The Wall Street Journal has done a public service by getting its hands on court records in the case of Galleon Holdings founder Raj Rajaratnam, who is currently walking around on $100 million bail. He's no Bernie Madoff, who stole $60 billion from his investors in a Ponzi scheme. Rajaratnam allegedly paid for inside information and traded on it -- a far more subtle form of stealing.
But in the cases of both Madoff and Rajaratnam, the Securities and Exchange Commission knew about their alleged nefarious acts for at least a decade before charging them. Bruce Watson posted on Madoff's long history of evading the SEC's weak efforts to stop him. And the Journal's reporting on how Intel (INTC) caught its employee, Roomy Khan, calling and faxing sales reports into Rajaratnam is revealing.
Going back to 1996, Intel claims it suspected that an Intel insider was leaking sales data to Rajaratnam. One reason is that in 1997, an anonymous source said that Khan told another Intel employee that she had access to important data on chip sales, and "that if you sell this information, you can get real money for it."
So Intel began analyzing who was calling Rajaratnam and discovered that Khan enjoyed calling and faxing him. Then Intel installed a camera to film her at the fax machine -- catching her on March 6,1998, faxing first quarter 1998 chip pricing and volume statistics to Rajaratnam.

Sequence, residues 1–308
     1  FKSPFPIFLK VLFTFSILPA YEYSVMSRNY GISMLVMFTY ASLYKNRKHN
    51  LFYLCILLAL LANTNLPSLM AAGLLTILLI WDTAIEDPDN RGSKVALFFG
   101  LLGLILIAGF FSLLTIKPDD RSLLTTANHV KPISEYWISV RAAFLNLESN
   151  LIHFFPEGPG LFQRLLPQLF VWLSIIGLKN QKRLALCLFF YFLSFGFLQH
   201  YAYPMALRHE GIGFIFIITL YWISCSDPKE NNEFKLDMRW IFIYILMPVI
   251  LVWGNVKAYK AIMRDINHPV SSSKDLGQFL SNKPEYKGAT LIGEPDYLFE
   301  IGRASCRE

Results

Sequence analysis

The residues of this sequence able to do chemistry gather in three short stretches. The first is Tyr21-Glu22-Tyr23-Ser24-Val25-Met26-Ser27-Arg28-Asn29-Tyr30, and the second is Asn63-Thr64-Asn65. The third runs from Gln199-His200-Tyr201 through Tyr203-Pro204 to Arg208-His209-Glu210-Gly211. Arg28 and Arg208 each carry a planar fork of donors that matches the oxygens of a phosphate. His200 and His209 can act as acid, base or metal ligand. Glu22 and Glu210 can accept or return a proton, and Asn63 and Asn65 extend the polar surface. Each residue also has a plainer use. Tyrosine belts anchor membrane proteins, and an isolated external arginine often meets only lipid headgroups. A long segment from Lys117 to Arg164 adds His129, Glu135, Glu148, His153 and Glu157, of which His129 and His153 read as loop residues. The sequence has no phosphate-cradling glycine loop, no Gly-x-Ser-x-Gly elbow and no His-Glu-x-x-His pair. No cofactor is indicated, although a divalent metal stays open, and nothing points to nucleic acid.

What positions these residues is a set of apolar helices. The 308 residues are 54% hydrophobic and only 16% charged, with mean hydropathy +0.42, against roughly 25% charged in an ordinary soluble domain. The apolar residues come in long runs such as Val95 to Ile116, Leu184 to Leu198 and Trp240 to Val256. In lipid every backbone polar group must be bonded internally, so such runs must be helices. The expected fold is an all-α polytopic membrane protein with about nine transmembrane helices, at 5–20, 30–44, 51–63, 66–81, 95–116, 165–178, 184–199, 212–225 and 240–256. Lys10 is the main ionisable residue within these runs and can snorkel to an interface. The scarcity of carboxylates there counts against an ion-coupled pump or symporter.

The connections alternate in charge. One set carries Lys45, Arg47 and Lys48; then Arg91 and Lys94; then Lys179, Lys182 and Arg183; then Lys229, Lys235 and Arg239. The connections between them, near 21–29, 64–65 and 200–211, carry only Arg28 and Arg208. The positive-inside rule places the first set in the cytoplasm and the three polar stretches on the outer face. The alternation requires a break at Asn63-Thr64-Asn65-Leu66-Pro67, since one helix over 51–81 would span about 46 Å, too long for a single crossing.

Those statistics take much of the guess work out of forecasting quarterly sales because all you have to do is multiply the price and quantity figures to get a precise calculation of the sales numbers. Trading on that information becomes quite simple -- if analysts expect sales to top your number, you short the stock, and if they expect sales below your number, you buy.
For some reason, that film was not enough evidence to arrest Rajaratnam. The Journal reported that in 2002, government prosecutors wrote: "After an exhaustive analysis of the labyrinth of accounts associated with Galleon, however, the SEC/FBI has not been able to show that any Galleon trade resulted from Rajaratnam's possession of the information stolen for him by Kahn [sic] from Intel."
The good news is that in exchange for a light sentence -- Khan spent six months in home detention -- she agreed to record conversations with Rajaratnam which appear to have contributed sufficient evidence to indict him.
This situation raises many questions: Why was it so difficult for the SEC to bring Rajaratnam to justice after obtaining that videotape? How much did Rajaratnam's alleged insider trading cost investors? Who else beside Rajaratnam has been trading on insider information? What kind of punishment for Rajaratnam and what sort of regulatory enforcement structure would it take to end insider trading for good?
I hope SEC Chairwoman Mary Schapiro has some good answers.
Peter Cohan is a management consultant, Babson professor and author of nine books, including Capital Rising (due in June 2010). Follow him on Twitter. He has no financial interest in the securities mentioned.